<blink> elements are deprecated and must not be used

Rule ID: blink
Ruleset: axe-core 4.7
User Impact: Serious
Guidelines: WCAG 2.1 (A), WCAG 2.0 (A), Section 508, Trusted Tester

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Compliance Data & Impact

User Impact


Disabilities Affected

  • Low Vision
  • Mobility
  • Cognitive


  • WCAG 2.1 (A)
  • WCAG 2.0 (A)
  • Section 508
  • Trusted Tester

WCAG Success Criteria [WCAG 2.1 (A)]

  • 2.2.2: MUST: Pause, Stop, Hide

WCAG Success Criteria [WCAG 2.0 (A)]

  • 2.2.2: MUST: Pause, Stop, Hide

Section 508 Guidelines

  • 1194.22: MUST: Web based intranet and Internet Information & Applications
  • 1194.22 (j): MUST: Pages shall be designed to avoid causing the screen to flicker with a frequency greater than 2 Hz and lower than 55 Hz.

Trusted Tester Guidelines

  • 2.B: MUST: The user can pause, stop, or hide moving, blinking, or scrolling content.

How to Fix the Problem

Remove all blink elements.

An example of a code snippet you should remove from an HTML file:

<p><blink>Moving Sale Thursday!</blink></p>

An example of a code snippet you should remove from a CSS file:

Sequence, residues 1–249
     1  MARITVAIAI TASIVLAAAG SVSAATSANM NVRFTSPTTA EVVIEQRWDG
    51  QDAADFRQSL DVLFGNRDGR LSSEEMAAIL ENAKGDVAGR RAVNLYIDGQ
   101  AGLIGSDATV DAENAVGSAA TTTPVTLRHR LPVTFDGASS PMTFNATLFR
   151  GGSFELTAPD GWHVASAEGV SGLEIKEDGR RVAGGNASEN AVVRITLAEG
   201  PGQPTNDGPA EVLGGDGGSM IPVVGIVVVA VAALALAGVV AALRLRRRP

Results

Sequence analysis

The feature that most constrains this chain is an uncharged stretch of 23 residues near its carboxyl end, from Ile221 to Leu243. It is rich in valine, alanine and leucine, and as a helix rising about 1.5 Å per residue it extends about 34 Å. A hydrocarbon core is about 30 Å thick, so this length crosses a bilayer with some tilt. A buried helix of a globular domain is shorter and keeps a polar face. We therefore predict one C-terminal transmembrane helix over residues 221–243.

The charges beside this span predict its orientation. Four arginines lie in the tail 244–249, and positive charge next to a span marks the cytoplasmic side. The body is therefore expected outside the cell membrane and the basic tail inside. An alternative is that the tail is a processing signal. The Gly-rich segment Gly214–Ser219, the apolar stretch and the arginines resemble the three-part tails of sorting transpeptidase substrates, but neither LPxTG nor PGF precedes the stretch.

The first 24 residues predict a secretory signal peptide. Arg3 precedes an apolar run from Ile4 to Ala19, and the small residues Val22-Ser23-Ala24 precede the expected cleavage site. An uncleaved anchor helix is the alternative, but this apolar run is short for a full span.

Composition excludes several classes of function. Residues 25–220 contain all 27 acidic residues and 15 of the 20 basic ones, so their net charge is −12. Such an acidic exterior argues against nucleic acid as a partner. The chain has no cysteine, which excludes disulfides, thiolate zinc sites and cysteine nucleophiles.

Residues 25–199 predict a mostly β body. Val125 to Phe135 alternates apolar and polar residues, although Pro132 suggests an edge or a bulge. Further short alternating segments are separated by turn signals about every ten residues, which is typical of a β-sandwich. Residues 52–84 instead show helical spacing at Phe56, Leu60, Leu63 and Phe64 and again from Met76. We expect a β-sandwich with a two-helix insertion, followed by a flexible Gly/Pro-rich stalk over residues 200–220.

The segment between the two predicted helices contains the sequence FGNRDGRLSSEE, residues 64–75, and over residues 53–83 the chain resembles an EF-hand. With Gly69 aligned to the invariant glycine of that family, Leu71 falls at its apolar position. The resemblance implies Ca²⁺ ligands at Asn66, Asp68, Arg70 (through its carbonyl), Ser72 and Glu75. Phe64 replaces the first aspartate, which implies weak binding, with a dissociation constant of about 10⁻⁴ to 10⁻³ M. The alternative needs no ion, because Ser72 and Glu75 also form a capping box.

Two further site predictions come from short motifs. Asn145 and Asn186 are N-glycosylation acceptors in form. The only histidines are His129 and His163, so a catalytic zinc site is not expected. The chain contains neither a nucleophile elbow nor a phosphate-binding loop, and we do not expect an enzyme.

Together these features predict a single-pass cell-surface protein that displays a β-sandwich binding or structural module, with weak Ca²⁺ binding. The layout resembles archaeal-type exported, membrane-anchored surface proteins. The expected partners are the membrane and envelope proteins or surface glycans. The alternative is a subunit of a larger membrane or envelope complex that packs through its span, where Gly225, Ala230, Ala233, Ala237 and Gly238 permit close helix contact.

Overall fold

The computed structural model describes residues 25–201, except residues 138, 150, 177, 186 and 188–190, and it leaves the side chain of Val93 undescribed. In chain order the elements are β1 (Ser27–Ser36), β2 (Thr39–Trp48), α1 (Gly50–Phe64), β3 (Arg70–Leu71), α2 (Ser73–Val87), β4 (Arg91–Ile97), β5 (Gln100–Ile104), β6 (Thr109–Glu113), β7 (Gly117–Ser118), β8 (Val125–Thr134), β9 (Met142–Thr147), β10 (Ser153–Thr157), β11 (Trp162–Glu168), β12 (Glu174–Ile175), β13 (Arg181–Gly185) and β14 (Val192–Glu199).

h1 {
  text-decoration: blink;


A number of modern browsers do not support blinking text. It is entirely possible that you will have the blink element in an HTML file, but this won’t produce blinking text on the web page. For this reason, don’t rely on the visual rendering of an HTML document to determine whether there are blink tags in it; be sure to check the actual file contents.

To fix both of the above code examples, remove the blink element and/or text-decoration: blink; from your CSS. Replace this markup to make the text stand out in some other way.

Why it Matters

As the name suggests, blink tags cause content to flash. Though you may like the effect, blinking text can be difficult to read, and blinking objects (links, buttons, etc.) can be difficult to activate, especially for users with imprecise or limited dexterity.

It can be very difficult for people with visual and cognitive disabilities to see and understand text that blinks. Blinking text be distracting, especially for users with cognitive disabilities. It can also be difficult for some individuals to comprehend. For these reasons, the blink element should never be used.

Rule Description

This rule requires that no blink elements are present. Flashing text can be difficult to read and blinking objects can be difficult to activate. The associated automated check finds the presence of all blink elements so that they can be removed.

The Algorithm (in simple terms)

Checks to make sure that the blink element is never used.


Other Resources

You may also want to check out these other resources.

Refer to the complete list of axe 4.7 rules.

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